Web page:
The Eleventh Circuit Board

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Federal prosecutors convinced a jury to convict Clark Downs of production of child pornography. At trial they introduced evidence that the computer hard drive to which Downs transferred images had traveled in interstate commerce, but no evidence that the camera phone with which Downs took the photos had any interstate nexus. Downs appealed the sufficiency of that evidence. In US v. Downs, the Eleventh Circuit considered whether the image transfer alone—well after the actual taking of the photos—itself constituted “production.” In ruling that it does, the panel substantially expanded the scope of conduct prohibited by the child pornography production statute and seems to have obliterated—or at least significantly blurred—the common-sense distinction between production and possession. The reasoning is troubling and the consequences are potentially far-reaching: not only does the decision expand the sources from the which the government may claim that interstate nexus arises in child pornography cases (e.g., computers and servers not at all involved in the capturing of photos and video), but it also allows prosecutors to establish that a person had the requisite intent for production long after the actual incident in which unlawful images were captured. [Contributed by Ross Brockway.]

One morning, Jessie James Turner grabbed an AR-15 rifle and shot fourteen bullets into the walls of his own apartment. He frantically called 911 to report that three armed men were trying to gain entry into the apartment. Responding officers arrived to find Turner alone in the apartment. Still holding the rifle, he immediately surrendered. By all accounts, Turner hallucinated the attack. The government later indicted him for possession of a firearm by a convicted felon. Before trial, Turner filed notice of an insanity defense. The court sent him to the BOP for a forensic psychologist evaluation. At trial, Turner offered no expert witness; to prove the insanity defense, he relied only on the lay-witness testimony of his girlfriend. The government called the BOP psychologist as an expert witness. She twice opined that Turner was able to “appreciate the nature and quality or the wrongfulness of his actions.” Oops. Under Federal Rule of Evidence 704(b), an expert witness “must not offer an opinion about whether the defendant had a mental state or condition that constitutes an element of the crime charged or of a defense.” Put another way, an expert must not opine that a defendant had the required criminal intent. In US v. Turner, the Eleventh Circuit panel unequivocally agreed that the district court erred by allowing this flawed testimony. Yet the panel affirmed the conviction anyway. It found that Turner’s insanity defense was insufficient as a matter of law, so the expert’s forbidden testimony was harmless. However, had Turner put forth his own expert testimony to establish his insanity defense, the result may well have been different. [Contributed by Allison Dawson.]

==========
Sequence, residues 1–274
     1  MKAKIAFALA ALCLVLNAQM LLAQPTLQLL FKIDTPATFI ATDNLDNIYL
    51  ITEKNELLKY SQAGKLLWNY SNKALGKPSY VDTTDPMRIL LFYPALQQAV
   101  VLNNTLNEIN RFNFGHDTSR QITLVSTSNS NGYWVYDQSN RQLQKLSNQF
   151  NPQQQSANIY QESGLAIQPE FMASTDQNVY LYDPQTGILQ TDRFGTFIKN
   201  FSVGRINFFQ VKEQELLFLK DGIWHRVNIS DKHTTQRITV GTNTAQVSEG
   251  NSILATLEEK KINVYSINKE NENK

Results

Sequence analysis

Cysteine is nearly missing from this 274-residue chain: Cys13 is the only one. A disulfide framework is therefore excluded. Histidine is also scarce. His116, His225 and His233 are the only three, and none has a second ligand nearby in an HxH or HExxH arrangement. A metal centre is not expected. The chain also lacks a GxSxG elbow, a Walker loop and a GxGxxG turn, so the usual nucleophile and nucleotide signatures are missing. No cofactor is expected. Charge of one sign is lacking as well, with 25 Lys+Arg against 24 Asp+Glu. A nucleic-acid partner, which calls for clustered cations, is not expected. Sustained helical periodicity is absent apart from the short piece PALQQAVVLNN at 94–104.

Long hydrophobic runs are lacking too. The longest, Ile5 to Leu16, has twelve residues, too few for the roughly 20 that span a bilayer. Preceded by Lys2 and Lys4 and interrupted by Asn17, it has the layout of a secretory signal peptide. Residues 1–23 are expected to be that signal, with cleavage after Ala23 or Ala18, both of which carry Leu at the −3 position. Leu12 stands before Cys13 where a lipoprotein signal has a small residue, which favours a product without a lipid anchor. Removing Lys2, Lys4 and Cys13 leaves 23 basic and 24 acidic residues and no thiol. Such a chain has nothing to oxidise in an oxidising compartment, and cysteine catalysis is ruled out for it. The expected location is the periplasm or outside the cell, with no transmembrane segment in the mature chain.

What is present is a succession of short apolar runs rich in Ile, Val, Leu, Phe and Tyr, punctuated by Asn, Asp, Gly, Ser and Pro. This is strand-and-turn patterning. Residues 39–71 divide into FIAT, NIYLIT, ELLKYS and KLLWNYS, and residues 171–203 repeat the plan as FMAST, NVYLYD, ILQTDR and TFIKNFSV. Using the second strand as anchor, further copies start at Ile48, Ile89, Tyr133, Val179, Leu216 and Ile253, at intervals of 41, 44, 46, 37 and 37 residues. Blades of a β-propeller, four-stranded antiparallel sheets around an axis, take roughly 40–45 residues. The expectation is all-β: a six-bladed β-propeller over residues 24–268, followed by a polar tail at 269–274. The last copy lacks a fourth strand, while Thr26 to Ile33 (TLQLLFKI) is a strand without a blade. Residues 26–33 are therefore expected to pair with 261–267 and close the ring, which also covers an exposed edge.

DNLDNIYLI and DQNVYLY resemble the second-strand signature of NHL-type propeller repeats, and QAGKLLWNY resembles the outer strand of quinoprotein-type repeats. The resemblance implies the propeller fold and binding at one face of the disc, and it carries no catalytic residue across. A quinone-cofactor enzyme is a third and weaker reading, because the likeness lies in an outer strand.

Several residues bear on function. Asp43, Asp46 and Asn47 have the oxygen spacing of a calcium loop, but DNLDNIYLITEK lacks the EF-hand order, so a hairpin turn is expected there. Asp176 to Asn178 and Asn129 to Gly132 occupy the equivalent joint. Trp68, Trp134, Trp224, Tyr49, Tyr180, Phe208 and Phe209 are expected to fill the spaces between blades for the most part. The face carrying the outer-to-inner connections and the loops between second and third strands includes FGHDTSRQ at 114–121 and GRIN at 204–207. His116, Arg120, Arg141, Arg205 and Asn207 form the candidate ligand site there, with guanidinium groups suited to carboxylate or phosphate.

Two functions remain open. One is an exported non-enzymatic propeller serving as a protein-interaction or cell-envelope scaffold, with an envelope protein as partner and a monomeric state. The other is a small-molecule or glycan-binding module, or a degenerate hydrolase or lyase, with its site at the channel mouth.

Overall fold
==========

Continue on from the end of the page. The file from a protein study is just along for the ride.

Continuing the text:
Idris Shamsid-Deen saw a rare victory in the district court—his motion to exclude evidence of a prior misdemeanor domestic violence conviction was granted, and the government was left with no way to prove that he was prohibited from possessing a firearm under 18 U.S.C. § 922(g)(9). But the victory was short-lived. In US v Shamsid-Deen, the Eleventh Circuit panel used 38 pages to clarify why the district court got it wrong. In his state DV case, Shamsid-Deen had signed a form acknowledging his right to have a jury trial, yet the form listed only two options from which to choose: (1) plead guilty or (2) plead not guilty, waive a jury trial, and have a bench trial. Given those two choices, Shamsid-Deen chose the latter. Although the district court found this problematic, the Eleventh Circuit did not. It said that Shamsid-Deen bore both the burden of producing evidence of his flawed jury waiver as well as the burden of persuading the court that the waiver had not been knowingly or intelligently made. Where the evidence could point both ways, the panel held that the tie goes to the party that did not bear the burden of persuasion: the government. Shamsid-Deen’s victory was reversed and his case remanded. The good news is that you may be able to challenge your client’s prior misdemeanor DV conviction. The bad news is that the appeals court will bend over backwards to show that even in the most ambiguous of circumstances, your client must have made a knowing and intelligent waiver of his rights. [Contributed by Ashley Martin.]

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